> which acts as a "source of truth" for the actual local environment ?
> mutating the environment directly changes the mapping object, and
> vice-versa. That's not going to change.
>
> In function scopes, things are more complicated. The *local
> environment* is conceptually well-defined, and includes:
> - local variables (current source of truth: "fast locals" array)
> - closed-over variables (current source of truth: cell objects)
> - any arbitrary key/values written to frame.f_locals that don't
> correspond to local or closed-over variables, e.g. you can do
> frame.f_locals[object()] = 10, and then later read it out again.
>
> However, the mapping returned by locals() does not directly reflect
> this local environment. Instead, each function frame has a dict
> associated with it. locals() returns this dict. The dict always holds
> any non-local/non-closed-over variables, and also, in certain
> circumstances, we write a snapshot of local and closed-over variables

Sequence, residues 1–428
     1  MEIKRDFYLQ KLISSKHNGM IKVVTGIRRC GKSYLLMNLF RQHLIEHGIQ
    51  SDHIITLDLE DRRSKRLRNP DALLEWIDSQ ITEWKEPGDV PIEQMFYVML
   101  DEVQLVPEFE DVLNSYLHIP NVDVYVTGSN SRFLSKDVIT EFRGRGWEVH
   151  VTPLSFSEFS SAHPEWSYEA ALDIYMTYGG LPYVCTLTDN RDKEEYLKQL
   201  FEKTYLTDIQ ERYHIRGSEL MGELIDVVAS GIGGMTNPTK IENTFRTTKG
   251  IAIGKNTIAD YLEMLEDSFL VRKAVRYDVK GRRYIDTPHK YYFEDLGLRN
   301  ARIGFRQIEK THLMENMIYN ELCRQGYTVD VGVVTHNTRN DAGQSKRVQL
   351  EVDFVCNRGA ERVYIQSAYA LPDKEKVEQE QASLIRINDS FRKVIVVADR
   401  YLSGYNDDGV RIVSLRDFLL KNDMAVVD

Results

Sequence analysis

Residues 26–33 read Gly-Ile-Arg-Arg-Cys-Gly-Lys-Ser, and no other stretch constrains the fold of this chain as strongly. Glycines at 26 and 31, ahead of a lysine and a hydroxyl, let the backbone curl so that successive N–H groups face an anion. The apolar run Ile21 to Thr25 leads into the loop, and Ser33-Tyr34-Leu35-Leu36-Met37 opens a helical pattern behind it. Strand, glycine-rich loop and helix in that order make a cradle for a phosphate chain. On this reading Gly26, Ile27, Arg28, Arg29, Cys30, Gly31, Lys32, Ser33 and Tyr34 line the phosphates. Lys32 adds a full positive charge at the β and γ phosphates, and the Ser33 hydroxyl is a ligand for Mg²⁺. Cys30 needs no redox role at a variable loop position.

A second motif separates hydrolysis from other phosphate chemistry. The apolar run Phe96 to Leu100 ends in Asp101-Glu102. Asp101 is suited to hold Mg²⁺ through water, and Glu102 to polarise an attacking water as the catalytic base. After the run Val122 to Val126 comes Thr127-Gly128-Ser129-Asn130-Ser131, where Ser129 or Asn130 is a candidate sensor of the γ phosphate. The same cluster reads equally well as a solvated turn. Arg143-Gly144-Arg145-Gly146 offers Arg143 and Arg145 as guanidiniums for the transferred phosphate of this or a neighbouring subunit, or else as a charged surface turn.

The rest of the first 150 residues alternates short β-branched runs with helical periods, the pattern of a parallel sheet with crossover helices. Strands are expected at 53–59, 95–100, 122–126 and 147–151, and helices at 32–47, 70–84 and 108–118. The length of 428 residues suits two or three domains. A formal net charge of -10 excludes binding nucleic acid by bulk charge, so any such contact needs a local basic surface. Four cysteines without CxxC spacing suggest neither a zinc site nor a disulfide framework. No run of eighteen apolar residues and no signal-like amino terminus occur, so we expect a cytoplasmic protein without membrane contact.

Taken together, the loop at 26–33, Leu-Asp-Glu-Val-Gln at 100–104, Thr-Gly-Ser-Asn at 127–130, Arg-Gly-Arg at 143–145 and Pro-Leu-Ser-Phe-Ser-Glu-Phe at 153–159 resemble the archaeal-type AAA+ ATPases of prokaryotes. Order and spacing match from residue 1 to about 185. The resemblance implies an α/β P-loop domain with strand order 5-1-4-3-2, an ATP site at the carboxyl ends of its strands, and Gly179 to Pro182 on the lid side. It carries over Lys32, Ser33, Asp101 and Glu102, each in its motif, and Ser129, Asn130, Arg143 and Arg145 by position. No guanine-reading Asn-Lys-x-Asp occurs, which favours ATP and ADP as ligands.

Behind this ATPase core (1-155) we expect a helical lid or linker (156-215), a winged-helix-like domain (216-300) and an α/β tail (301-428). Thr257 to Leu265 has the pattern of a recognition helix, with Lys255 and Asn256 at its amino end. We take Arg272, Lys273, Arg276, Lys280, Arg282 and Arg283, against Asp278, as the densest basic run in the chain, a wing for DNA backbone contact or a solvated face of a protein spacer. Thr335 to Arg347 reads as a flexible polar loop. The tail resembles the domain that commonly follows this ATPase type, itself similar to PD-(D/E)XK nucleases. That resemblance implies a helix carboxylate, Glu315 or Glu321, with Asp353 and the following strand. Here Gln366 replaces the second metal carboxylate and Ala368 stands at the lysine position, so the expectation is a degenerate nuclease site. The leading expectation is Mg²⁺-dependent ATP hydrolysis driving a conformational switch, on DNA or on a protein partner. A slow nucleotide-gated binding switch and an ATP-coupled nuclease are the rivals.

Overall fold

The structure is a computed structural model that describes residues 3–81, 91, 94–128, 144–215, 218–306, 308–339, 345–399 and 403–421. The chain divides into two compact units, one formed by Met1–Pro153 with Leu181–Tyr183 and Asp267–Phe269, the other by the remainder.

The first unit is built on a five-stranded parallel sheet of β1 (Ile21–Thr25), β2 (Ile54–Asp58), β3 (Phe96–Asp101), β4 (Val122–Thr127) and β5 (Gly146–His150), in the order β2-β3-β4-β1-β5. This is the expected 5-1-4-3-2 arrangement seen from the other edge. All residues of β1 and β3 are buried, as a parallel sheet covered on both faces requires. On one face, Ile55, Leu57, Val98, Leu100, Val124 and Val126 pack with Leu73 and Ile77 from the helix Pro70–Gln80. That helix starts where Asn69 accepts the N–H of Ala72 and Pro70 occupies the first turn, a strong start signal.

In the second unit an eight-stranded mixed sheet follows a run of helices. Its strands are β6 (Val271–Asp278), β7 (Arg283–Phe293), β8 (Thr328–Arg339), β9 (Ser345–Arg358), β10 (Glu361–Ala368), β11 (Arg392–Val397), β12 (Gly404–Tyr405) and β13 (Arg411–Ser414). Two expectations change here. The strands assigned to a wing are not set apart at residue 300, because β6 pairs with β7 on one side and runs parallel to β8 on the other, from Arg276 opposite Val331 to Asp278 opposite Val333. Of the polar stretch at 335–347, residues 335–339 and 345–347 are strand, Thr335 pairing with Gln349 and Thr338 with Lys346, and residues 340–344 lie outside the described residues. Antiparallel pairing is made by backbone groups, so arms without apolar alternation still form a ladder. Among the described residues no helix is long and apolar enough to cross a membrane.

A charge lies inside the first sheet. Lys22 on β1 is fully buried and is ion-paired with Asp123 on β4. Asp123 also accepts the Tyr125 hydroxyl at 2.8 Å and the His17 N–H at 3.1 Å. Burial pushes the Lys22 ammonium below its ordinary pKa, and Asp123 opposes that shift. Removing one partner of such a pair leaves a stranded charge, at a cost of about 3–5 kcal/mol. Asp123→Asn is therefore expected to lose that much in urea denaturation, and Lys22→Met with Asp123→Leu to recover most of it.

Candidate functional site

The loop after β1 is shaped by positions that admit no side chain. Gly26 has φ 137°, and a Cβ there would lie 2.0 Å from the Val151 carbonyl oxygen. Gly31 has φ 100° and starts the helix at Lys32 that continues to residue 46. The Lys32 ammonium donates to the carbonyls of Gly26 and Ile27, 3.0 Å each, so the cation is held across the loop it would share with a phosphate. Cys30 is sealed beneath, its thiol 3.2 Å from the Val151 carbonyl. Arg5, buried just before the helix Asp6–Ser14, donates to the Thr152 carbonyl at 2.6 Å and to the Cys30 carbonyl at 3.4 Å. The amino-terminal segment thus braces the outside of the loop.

> back into the dict.
>
> Specifically, we write back:
>
> - Whenever locals() is called
> - Whenever exec() or eval() is called without passing an explicit
> locals argument
> - After every trace/profile event, if a Python-level tracing/profiling
> function is registered.
>
> (Note: in CPython, the use of Python-level tracing/profiling functions
> is extremely rare. It's more common in alternative implementations
> like PyPy. For example, the coverage package uses a C-level tracing
> function on CPython, which does not trigger locals updates, but on
> PyPy it uses a Python-level tracing function, which does trigger
> updates.)
>
> In addition, the PEP doesn't say, but I think that any writes to
> f_locals immediately update both the environment and the locals dict.
>
> These semantics have some surprising consequences. Most obviously, in
> function scope (unlike other scopes), mutating locals() does not
> affect the actual local environment:
>
>   def f():